In the cyber-kill chain, humans can be a weapon, target, and tool to disturb services, steal data, destroy personal and company reputations, and trigger a political crisis. Following the spring session, staff and students from the Institute of Computer Science at the Faculty of Mathematics and Informatics (MIF), together with other researchers from higher education institutions in the Baltic States and Germany, took part in a three-day cybersecurity workshop as part of the project "Increasing Security-Awareness: The Invisible Power of Digital Traces".
Authors: Rimantė Andrijauskaitė, Austėja Bauraitė, Agnė Brilingaitė (Cybersecurity Laboratory, Institute of Computer Science)
Albstadt-Sigmaringen University of Applied Sciences organised workshops in Albstadt, Sigmaringen and Tübingen, Germany, after the end of the spring session. Prof. Dr Stefan Sütterlin coordinated the event.
"The purpose of the workshop is to establish closer relations with partners in Germany for further joint study and research activities related to multidirectional cyber security, combining IT, psychology and public education," says project manager Dr Agnė Brilingaitė.
The project researchers aim to study human behaviour in cyberspace and the digital footprints left behind and to highlight new research directions to address cybersecurity challenges.
VU researchers presented the types of cybersecurity exercises
The third day of the visit began with a conference attended by students, guests and other community members of Albstadt-Sigmaringen University of Applied Sciences. Assoc. Prof. Dr Ricardo G. Lugo from Norway moderated this event. The students presented their research on security culture, insider threats, the roles and responsibilities of cybersecurity professionals, cognitive warfare, communication challenges, phishing attacks, and other relevant issues.
Guests presented ongoing research and projects related to cybersecurity and information technology. Prof. Dr Aušrius Juozapavičius from the General Jonas Žemaitis Lithuanian Military Academy gave insights into leaked data research on the strength of users' passwords, and Assoc. Prof. Dr Ginta Majore, the Senior Researcher, presented the research conducted by the Vidzeme University of Applied Sciences on the challenges of the Internet of Things in the agricultural sector. Dr Agnė Brilingaitė and Dr Linas Bukauskas, VU researchers, presented the types of cyber security exercises, their objectives, their gamification elements, principles of training scenario development, and pathways for competence development of cyber security professionals, linking the research carried out at Vilnius University and the participation in the international cybersecurity exercises.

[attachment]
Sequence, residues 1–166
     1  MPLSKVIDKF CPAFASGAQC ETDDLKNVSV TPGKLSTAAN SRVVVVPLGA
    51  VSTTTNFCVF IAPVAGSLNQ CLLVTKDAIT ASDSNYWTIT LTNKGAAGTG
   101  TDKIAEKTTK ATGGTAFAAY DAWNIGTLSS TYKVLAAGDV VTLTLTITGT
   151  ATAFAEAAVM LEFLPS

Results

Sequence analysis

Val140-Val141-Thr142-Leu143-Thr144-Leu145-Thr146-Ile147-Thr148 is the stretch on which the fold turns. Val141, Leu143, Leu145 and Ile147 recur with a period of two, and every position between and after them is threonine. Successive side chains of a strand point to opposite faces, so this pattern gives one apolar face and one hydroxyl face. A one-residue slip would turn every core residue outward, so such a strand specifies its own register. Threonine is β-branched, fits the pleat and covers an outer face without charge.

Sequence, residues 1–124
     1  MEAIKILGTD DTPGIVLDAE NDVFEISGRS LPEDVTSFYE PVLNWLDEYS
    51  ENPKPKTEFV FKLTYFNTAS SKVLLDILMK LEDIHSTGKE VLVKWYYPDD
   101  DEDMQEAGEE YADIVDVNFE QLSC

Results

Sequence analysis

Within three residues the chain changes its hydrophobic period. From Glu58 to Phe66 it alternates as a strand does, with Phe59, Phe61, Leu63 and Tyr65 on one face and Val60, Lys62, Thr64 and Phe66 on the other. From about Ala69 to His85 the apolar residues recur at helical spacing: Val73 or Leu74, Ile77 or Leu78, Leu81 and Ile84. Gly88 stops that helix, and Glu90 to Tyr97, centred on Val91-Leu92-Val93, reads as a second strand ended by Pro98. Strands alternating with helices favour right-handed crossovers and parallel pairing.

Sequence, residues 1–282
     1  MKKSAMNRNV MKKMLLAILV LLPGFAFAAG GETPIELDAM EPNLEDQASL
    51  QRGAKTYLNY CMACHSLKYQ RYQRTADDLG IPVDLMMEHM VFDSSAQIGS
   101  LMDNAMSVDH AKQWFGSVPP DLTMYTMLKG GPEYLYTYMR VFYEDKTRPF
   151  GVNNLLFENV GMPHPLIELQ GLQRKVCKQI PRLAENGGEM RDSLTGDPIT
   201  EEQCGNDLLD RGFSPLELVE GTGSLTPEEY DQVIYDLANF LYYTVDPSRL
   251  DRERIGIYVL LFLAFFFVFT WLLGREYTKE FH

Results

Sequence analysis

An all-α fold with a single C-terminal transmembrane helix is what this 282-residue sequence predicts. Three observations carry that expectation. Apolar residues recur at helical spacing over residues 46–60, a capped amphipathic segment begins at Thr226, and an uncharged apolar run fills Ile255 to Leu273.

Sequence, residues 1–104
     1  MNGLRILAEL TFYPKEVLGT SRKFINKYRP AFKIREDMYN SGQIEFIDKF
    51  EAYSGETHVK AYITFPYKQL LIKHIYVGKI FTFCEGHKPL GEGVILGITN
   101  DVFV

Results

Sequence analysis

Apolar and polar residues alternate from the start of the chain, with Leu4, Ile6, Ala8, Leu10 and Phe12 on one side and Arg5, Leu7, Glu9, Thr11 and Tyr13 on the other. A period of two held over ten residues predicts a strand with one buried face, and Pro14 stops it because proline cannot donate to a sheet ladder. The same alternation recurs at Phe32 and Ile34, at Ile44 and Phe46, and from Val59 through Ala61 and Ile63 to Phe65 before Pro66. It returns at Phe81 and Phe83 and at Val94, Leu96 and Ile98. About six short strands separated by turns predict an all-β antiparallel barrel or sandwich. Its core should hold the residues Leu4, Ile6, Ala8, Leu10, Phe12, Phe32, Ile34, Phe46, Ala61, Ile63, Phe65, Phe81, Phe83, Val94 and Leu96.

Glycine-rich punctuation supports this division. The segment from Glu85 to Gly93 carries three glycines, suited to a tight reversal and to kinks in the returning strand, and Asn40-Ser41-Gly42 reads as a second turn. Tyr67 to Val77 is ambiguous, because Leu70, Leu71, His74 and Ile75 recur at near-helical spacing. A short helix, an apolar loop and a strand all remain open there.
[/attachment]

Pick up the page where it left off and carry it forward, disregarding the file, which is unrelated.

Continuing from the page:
Digitalisation is leading to changes in all industry sectors
Participants stressed the importance of paying attention to studying user behaviour in cyberspace. Despite active campaigns to educate the public, users are using weak passwords, i.e. clichéd or short words, which have been included in dictionaries of the most common passwords for several years. Global digitalisation is leading to changes in all industry sectors, where cybersecurity is becoming increasingly important to ensure the quality of service. After all, a vulnerable user or a vulnerable system can cause a data leak, a cybercrime, a damaged reputation or a political crisis.
Students of Vilnius University Information Technology Study Programme, Rimantė Andrijauskaitė and Austėja Bauraitė, actively participated in the discussions of the event and interacted with the students of the host organisation and exchanged contacts for the purpose of future cooperation. "It's nice to meet like-minded people with whom discussions feel so interesting and natural, no matter where they are from," said VU student Austėja Bauraitė. The visit included activities that enabled the development of professional competencies, as well as discussions during coffee breaks and a cultural programme that provided a chance to improve scientific and intercultural communication competencies. The VU students' visit to Germany was funded by the VU Study Internationalisation Initiatives and VU MIF.
This project of the Baltic-German University Liaison Office is supported by the German Academic Exchange Service (DAAD) with funds from the Foreign Office of the Federal Republic of Germany.
More information can be found here.
Ten years ago, the European Union declared October a Cyber Security Month. The aim of the campaign is to raise awareness of the threats in cyberspace and to educate the public in order to improve cybersecurity competences, starting with cyber hygiene.